October 4, 2022
Ithaca, NY | 52°F


Making up the difference

Sophomore Jessica Carp lists designer names such as Chanel, MAC, Bobbi Brown, Benefit and NARS as her favorite cosmetic brands. But when it comes to mascara, she buys exclusively from drugstores.

Sophomore Leighann McGlone applies makeup Sunday in her dorm room in Emerson Hall. McGlone buys drugstore products, such as Neutrogena foundation, and department store products, such as Clinique eye shadow. She said the customer service she receives at a department store is worth the higher price. Lauren DeCicca/The Ithacan

“I tried a couple of mascaras from department stores, but none of them worked for me, so I just started going for the drugstore kind,” she said.

Right now, her favorite is Intense-XXL from Maybelline, a mascara that coats eyelashes with a white basecoat and a black topcoat.

In November 2008, The New York Times reported cosmetic sales were up 40 percent. This jump is consistent with the Lipstick Index, a concept originated by Estée Lauder’s Leonard Lauder, that says cosmetic sales rise when finances fall.

As the industry grows, high-end cosmetic brands continue to make promises about their products and for the most part they do deliver, said Holly Siegel, the beauty director of NYLON magazine. But Siegel said shoppers shouldn’t buy into the designer makeup hype too quickly before looking into less expensive counterparts.

“A lot of people don’t know that the research and development of a drugstore product is actually quite extensive,” she said.

The low-cost variable, combined with the need to suit many different skin types, means every product available in a drugstore is the result of intensive testing.

Since high-end products are often designed to suit specific skin types or complexions, less product development is required for those products than their inexpensive counterparts. Siegel said in terms of their basic ingredients, most beauty products are essentially created equal.

“The biggest difference between a designer eye shadow and a drugstore one is usually that the designer one is more finely milled, so it’ll crease less,” Siegel said. “Other than that, it’s the same ingredients, the same pigments and pretty much the same product.”

She said doing a little product research goes a long way when deciding to spend or splurge. For example, Lancôme’s Juicy Tubes lip gloss costs approximately $14 at the makeup counter and L’Oréal Paris’ Color Juice lip gloss goes for half as much at the drugstore. Both produce the same effect, have almost identical ingredient lists and are made by the exact same company, since the Lancôme brand is owned by L’Oréal Paris.

“The educated shopper should be able to find what they like at a drugstore,” Siegel said. “Things like blush, mascara, eye shadow, lip gloss and nail polish are just a few of the things you can buy for a lot less without compromising on quality.”

Though the promise of a similar product for less is tempting, sophomore Joanna Cook said she is still skeptical. Cook purchases “fun stuff,” such as bright eye shadow and flashy lip gloss, at a drugstore but buys the basics (concealer, blush and eyeliner) from makeup counters.

“If I’m paying that much more for makeup at a department store, there has to be a reason why,” she said.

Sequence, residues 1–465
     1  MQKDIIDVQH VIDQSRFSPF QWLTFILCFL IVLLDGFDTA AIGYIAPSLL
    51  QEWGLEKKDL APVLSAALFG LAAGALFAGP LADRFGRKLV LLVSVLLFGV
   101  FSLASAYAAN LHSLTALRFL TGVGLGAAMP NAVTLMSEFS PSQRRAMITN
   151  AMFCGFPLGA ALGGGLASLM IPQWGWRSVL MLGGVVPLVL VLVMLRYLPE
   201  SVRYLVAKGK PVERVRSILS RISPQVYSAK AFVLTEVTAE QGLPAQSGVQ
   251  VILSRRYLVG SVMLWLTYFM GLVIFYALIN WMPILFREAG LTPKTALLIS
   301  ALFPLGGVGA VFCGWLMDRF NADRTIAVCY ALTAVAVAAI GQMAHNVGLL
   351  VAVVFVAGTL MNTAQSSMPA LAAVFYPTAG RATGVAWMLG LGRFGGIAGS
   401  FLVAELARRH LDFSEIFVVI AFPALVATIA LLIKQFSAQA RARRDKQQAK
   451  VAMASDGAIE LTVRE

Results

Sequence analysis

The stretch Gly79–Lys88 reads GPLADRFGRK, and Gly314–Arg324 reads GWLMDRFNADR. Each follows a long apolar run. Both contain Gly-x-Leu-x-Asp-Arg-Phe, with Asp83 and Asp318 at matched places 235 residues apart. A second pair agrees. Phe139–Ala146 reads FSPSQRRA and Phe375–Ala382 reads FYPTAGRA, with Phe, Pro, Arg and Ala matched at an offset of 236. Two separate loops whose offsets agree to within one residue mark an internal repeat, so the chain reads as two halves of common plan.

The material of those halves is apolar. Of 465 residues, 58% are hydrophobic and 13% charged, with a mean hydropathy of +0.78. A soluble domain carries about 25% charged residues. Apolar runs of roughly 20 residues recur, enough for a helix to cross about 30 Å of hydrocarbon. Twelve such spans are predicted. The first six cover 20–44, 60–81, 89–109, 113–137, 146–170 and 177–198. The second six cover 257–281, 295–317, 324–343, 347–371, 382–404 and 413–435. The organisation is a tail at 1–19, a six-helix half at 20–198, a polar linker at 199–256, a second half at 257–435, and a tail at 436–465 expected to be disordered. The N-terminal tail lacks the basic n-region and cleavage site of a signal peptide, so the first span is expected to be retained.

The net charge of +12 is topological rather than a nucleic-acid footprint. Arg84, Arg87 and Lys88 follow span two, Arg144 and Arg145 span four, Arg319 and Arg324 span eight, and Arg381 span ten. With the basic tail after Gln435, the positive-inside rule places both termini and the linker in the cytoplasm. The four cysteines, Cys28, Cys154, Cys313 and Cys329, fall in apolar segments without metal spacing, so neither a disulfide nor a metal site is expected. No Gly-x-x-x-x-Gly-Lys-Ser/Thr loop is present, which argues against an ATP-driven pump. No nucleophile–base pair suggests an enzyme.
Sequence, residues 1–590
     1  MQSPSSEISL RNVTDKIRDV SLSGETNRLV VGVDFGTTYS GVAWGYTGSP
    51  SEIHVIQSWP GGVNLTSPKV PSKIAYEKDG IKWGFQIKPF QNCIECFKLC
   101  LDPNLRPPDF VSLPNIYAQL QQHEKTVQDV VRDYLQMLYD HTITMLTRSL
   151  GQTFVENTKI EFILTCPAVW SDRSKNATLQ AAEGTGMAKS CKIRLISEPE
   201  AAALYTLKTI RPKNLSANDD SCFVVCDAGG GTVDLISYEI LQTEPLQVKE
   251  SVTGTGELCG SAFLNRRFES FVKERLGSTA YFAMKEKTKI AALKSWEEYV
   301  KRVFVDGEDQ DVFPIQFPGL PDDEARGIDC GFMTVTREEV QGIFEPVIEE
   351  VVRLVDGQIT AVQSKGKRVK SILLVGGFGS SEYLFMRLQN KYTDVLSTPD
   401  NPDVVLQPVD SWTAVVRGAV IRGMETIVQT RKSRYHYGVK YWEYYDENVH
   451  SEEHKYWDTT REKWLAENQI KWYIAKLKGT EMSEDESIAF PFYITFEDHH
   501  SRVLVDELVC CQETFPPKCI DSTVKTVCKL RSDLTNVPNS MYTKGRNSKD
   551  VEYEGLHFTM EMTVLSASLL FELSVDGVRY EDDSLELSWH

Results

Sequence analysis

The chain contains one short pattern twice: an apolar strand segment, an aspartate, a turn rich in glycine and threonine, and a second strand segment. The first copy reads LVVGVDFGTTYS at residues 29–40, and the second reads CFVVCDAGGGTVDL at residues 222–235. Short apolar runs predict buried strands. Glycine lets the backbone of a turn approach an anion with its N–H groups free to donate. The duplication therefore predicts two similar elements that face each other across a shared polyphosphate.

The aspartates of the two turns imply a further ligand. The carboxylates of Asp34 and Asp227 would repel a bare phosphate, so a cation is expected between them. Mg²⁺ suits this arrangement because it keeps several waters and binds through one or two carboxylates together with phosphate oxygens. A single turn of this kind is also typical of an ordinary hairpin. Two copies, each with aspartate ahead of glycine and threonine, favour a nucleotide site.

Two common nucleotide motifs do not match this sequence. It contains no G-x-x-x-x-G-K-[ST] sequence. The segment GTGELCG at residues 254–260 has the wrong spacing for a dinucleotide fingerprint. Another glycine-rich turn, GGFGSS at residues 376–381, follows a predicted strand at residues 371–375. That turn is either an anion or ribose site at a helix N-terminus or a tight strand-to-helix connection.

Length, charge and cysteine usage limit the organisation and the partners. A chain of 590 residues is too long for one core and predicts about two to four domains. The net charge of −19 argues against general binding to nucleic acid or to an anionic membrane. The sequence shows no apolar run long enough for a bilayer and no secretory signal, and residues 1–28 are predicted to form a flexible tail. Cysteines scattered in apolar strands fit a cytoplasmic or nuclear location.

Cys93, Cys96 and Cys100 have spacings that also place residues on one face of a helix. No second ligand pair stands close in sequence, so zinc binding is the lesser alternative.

But a higher price tag doesn’t necessarily mean higher quality, Siegel said.

“What you’re really paying the most for is the great packaging, the customer assistance, the atmosphere of the store and, of course, the brand name,” she said.

Many high-end cosmetic companies carefully design packaging to give each line a distinct “look” and create a visual appeal for customers. But Siegel said the aim of drugstore brands such as Revlon, Covergirl and Maybelline to create the best products for the best prices often means “cutting corners on sexy packaging or sexy ingredients.”

In certain cases, buying from a department store makeup counter may be the best option. Those with specific skin care needs or anti-aging concerns will likely benefit from the overall potency of high-end products, Siegel said.

Still, high-quality foundation and moisturizers can come at drugstore prices. Dr. Kimberly Silvers, a dermatologist at Ithaca Dermatology, often recommends Neutrogena and Olay products to her patients. She said it isn’t necessary to spend much on skin care because designer brands tend to mark up prices considerably in order to cover expensive packaging and marketing.

“Products from these brands [such as Neutrogena and Olay] are usually developed in part by dermatologists,” Silvers said. “Over the past decade these brands been able to refine and develop ingredients to make them more effective and more affordable.”

Ingredients aside, department store cosmetics counters have an edge over drugstore makeup aisles in that products are on display for potential buyers to test.

Sophomore Leighann McGlone spent last summer working as a sales associate for Clinique, a popular brand with a focus on skin care, at a Macy’s department store outside of Albany, N.Y. To her, paying extra for designer makeup is justified by the customer service shoppers receive.

“When you’re in CVS, you’re kind of just winging it because you can’t open it up to see how it looks on your skin,” McGlone said. “There’s also no one there to help you, or to tell you more about the product, or to show you how it works.”

At a time when many students are cutting luxury items out of their budgets, makeup aficionados shouldn’t stress about skimping on quality cosmetics. As it turns out, a little research can go a long way. By making some compromises between high-end and drugstore items, students can make sure their makeup bags don’t suffer.